• Armament: NONE on this example - Could be fitted with a 7.92-mm MG42 machine gun 
  • Maximum Speed: Approximately 30-mph 
  • Maximum Payload: 2-1/2-tons 
  • Markings: German 2nd Panzer Division, Engineer Unit 

1944 Phanomen Granit personnel car, which was sold for $72,500. According to the auction description, the Phanomen-Werke Gustav Hiller AG in Zittau was well-known for their robust light commercial vehicles with air-cooled, in-line engines. In 1940 they introduced a modernized range of models, in both 4x2 and 4x4 (1500S and 1500A) versions. The majority of these were acquired by the German Army, primarily with cargo and box-van (Koffer) configurations. The latter were used primarily as ambulances. The personnel model, as seen in photos, was produced in limited numbers, and it is believed this example may be the only surviving vehicle. The vast majority of the 1500A class heavy personnel carriers were built by the Austrian Steyr company while Phanomen-Granit built a larger percentage of 1-1/2-ton trucks on the 1500A chassis. The Phanomen-Granit 1500A series vehicles featured a four-speed gearbox, dry-plate clutch, two-speed transfer box with front axle disconnect, hydraulic brakes and rigid axles with semi-elliptical leaf springs. Most of the Phanomen-Granit 1500A personnel carriers went to the German Afrika Korps where the air-cooled engine was well-received by the maintenance troops. Many of these vehicles were modified with wider 270-16 special desert tires and an additional hood-mounted air cleaner.  

  • Manufacturer: Phanomen-Werke Gustav Hiller AG, Zittau 
  • Production Year: 1944 
  • Engine: Phanomen-Granit 27, 2.7-liter, 50-hp, air-cooled four-cylinder, gasoline 
  • Transmission: Four-speed: four forward, one reverse 
  • Length: 18-feet, 3-inches 
  • Width: 6-feet, 7-inches 
  • Height: 7-feet, 2-inches 
  • Weight: Approximately 2.5-tons 
  • Armor: None 
  • Armament: NONE on this example - Could be fitted with a 7.92-mm MG34 or MG42 machine gun 
  • Maximum Road Speed: Approximately 60-mph 
  • Crew: Up to five 
  • Markings: German 12th Infantry Division, Artillery Unit 

And a 1943-1944 Opel half-track, which was sold for $65,000. According to the auction description, in 1942, Opel began production of 2-ton Maultier (Mule) half-tracks at their Brandenburg / Havel plant. The Maultier reportedly originated from a field modification carried out by the 2nd SS Panzer Division “Das Reich” during the winter of 1941-1942. Conditions on the Eastern Front, where already poor roads turned to seas of mud during rainy seasons and slush in the spring thaw, created almost impossible transportation situations for the wheeled truck units of the German Army. A standard Ford 3-ton V3000S 4x2 truck was used as the basis of the conversion along with sets of Carden-Loyd tracks and bogey wheel assemblies from captured British Universal type carriers. The conversion comprised of moving the rear axle forward and shortening the driveshaft, reinforcing the chassis and mounting double sets of the Carden-Loyd two-wheel bogie assemblies, along with tracks, to each side of the chassis. The conversion reduced the payload capacity from 3-tons to 2-tons. An additional field conversion was carried out on some Maultiers consisting of mounting a 2-cm Flak 30 or Flak 38 anti-aircraft cannon on the cargo bed. This example is not fitted with armament. Approximately 4,000 Opel Maultiers were built.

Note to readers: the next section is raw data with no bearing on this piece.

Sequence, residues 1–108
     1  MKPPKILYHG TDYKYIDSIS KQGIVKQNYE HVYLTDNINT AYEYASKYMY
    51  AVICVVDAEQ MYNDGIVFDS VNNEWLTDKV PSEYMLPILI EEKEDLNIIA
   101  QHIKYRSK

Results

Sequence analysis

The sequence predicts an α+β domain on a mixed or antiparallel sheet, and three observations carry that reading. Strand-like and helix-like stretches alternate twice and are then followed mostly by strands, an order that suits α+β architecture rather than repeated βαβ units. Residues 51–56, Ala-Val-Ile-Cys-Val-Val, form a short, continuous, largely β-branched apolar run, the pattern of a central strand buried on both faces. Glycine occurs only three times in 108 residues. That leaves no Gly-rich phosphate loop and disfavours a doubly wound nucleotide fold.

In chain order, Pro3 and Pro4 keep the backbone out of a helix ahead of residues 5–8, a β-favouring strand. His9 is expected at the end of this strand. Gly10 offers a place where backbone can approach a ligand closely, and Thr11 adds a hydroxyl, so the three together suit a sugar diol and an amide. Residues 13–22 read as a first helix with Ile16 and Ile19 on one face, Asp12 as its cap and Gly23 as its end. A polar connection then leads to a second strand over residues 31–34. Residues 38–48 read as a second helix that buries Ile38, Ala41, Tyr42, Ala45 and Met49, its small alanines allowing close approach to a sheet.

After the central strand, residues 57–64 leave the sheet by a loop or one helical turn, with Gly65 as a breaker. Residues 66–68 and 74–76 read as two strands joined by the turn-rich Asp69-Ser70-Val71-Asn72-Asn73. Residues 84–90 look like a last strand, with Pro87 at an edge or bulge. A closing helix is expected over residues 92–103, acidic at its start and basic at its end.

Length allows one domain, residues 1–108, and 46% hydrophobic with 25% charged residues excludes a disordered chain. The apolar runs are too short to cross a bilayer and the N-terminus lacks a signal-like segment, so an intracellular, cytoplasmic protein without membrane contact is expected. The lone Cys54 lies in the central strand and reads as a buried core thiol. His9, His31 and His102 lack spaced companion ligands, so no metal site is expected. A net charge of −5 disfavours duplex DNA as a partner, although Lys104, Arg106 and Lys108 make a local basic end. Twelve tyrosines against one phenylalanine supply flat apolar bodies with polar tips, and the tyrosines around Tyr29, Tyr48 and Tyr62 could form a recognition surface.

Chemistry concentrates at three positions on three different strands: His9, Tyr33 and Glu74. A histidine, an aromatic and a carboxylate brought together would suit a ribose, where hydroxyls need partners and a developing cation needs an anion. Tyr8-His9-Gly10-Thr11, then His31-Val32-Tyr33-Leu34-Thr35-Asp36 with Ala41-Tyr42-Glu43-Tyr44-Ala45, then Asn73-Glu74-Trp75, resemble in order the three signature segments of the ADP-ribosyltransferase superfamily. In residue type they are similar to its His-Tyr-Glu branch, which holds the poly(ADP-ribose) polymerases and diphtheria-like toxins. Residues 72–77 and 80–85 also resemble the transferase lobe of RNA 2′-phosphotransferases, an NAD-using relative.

• Manufacturer: Opel Division of General Motors, Germany 
  • Production Years: 1942-1944 
  • Engine: Opel OHV, 3.6-liter, 75-hp, eight-cylinder, liquid-cooled, gasoline 
  • Transmission: Five-speed: four forward, one reverse 
  • Brakes: Hydraulic 
  • Length: 20-feet 
  • Width: 7-feet, 7-inches 
  • Height: 6-feet, 9-1/2-inches 
  • Weight: Approximately 4-tons 
  • Armor: None 
  • Armament: NONE on this example – Could be fitted with a 7.92-mm MG34 or MG42 machine gun 
  • Maximum Speed: Approximately 25-mph 
  • Maximum Payload: 2-tons 
  • Markings: German Afrika Korps 

Source: